|Photo Credit: http://www.aegindia.org
According to Malcolm Harper, “the loan waiver scheme is an expensive, populist device that won’t have much effect” (Eye on Microfinance, Volume 7). This was in response to the In March 2008 “Agricultural Debt Waiver and Debt Relief” scheme announced by Finance Minister P. Chidambaram. The scheme was an INR 600 billion package, offered to nearly 30 million farmers. Marginal farmers – with cultivation land less than 1 hectare, and small farmers – with cultivation land between 1 and 2.5 hectares, were given a complete waiver on loans disbursed up to March 31, 2007, which were overdue as of December 2007, and unpaid as of February 29, 2008. Other farmers – with cultivation land over 2.5 hectares, had 25% of their loan waived as long as they paid back the 75% of the loan (25% or INR 20,000 of the loan, which ever was higher) (AGRICULTURAL DEBT WAIVER AND DEBT RELIEF SCHEME (RBI), 2008). The scheme was introduced to alleviate the miseries farmers and address farmer suicides. However, there has been widespread criticism of this scheme:
- Limited impact on productivity – There is insufficient evidence that blanket loans waivers such as this, have an impact on agricultural productivity. Evidence from NSSO suggests that nearly 40% of the loan amount is used on non-agriculture purposes such as marriages, education, health etc (LOAN WAIVER SCHEME AND INDIAN AGRICULTURE, 2008). Subsidies for specific inputs such as seeds, fertilizers based on specific regional needs might be more effective than loans that are not attached to any specific use.
- Credit alone is not enough – Evidence indicates that “foodgrains growth fell from 2.85 per cent in the 1980s (1980-81 to 1990-91) to 1.16 percent in the 1990s (1990-91 to 2003-04), which was lower than the rate of growth of population of 1.9 per cent during this period” (Report of the Expert Group on Agricultural Indebtedness, 2007). While the economy itself may have shifted to a more service based economy and away from agriculture, the agricultural sector has benefited little from technological advancements. There has been little improvement in agricultural infrastructure (such as irrigation systems) or market linkages, and the wide spread corruption in Indian politics hasn’t helped.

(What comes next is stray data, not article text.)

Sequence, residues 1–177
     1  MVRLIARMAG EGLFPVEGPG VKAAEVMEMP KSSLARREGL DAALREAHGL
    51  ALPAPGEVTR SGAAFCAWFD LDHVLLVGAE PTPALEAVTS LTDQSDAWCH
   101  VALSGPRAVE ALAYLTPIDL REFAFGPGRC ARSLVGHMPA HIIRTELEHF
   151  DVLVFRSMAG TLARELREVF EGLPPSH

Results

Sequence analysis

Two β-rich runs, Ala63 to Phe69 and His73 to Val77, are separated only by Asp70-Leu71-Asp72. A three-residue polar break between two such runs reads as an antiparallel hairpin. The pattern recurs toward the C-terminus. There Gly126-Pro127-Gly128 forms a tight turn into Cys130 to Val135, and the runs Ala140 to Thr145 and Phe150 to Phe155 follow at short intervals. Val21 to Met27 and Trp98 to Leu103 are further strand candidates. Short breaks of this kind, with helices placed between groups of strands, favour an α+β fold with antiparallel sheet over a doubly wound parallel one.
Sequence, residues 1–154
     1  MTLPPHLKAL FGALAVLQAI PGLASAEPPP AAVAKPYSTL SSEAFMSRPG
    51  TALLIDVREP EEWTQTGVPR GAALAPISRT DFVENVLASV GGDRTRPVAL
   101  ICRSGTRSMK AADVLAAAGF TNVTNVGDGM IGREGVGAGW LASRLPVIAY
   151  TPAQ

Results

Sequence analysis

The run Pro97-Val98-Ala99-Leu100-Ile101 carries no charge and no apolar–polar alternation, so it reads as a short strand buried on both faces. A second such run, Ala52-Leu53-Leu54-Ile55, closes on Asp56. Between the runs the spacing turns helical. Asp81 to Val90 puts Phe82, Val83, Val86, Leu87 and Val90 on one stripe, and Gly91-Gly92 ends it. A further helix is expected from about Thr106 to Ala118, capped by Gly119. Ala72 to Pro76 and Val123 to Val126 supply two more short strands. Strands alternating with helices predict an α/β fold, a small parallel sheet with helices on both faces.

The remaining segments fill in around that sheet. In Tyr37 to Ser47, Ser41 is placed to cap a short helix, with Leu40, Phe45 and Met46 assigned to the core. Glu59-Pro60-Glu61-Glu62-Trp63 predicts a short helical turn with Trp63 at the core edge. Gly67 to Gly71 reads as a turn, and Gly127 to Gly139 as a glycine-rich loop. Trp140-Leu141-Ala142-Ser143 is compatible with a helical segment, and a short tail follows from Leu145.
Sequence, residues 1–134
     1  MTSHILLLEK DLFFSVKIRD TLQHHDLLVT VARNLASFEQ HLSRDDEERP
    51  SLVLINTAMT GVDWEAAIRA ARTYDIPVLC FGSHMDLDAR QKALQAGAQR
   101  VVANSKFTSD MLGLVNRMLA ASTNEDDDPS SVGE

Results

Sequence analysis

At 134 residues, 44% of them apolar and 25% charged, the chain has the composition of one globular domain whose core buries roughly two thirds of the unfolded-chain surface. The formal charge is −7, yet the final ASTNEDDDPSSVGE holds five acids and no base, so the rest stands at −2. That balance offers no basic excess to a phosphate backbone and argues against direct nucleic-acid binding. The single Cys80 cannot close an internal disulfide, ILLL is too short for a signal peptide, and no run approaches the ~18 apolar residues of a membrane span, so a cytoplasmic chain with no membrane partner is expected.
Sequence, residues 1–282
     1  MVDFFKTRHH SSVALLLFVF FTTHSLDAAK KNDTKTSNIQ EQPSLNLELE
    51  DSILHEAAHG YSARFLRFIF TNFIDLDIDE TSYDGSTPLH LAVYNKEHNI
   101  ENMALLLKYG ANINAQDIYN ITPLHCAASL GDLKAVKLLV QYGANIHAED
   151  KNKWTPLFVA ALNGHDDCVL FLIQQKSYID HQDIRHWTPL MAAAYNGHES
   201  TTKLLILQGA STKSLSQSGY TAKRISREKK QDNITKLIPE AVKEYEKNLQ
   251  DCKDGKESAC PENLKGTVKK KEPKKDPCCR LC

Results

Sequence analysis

- Burden on Banks – The scheme does not help the banks either, because they forced to lend to both viable and unviable clients using the same lending parameters. In addition, banks have to write off bad loans, which are expensive not only for the banks, but also the government. It is estimated that in 2010-2011, nearly 73% of Priority Sector Lending resulted in bad loans, and nearly 44% of these loans were in the agricultural sector (The big problem of agricultural loans, livemint.com, 2008).
- Informal lending un-addressed – Most farmers take loans either from the bank or the moneylenders for agricultural purposes (LOAN WAIVER SCHEME AND INDIAN AGRICULTURE, 2008). This scheme does not address loans taken from informal sources. In addition, there were farmers who took on expensive loans from the informal sector (moneylenders) to pay off their agricultural debt. They were not rewarded under this scheme, and it may seem that farmers were penalized for returning the debt on time.
- Misclassification of credit need – Classification of marginal, small and other farmers is inadequate. According to MS Swaminathan, small farmers (less than a hectare) may be able to manage their irrigation needs better than farmers with medium sized land (4-5 hectares), who might have to largely depend on monsoon for irrigation. However, the scheme seems somewhat regressive in that it does not provide enough support for farmers with over 2.5 hectares of land. The size of the land in itself might not be a robust indicator of credit worthiness or credit need.
- Insufficient monitoring and evaluation – The scheme requires the lending institutions (commercial and public) to appoint a Grievance Redressal Officer in each State. However, it is unclear how RBI wanted to monitor the loan usage and grievance issues. Also, there was insufficient monitoring and evaluation to determine whether the scheme worked or not.
So why does this wavier, sanctioned in 2008 hold relevance 4.5 years later? It is because these types of populist schemes have the capability to sway elections; we saw a blanket loan waiver scheme in 1989, and we might except to see more of the same during the 2014 general elections. The question yet to answer is whether these schemes really have an impact on agricultural productivity and well-being of the farmers. It is often said that loan waivers seem to “cure the symptoms, and not the disease”, there is a need to better understand the credit needs of the agricultural sector, and specifically the credit needs of the farmers based on the region and weather patterns, and their risk appetite. A more holistic approach to lending is needed, rather than a slap-dash loan waiver program. There also needs to be more emphasis on markets linkages, weather and crop insurance, and a greater application of technological innovations in agriculture.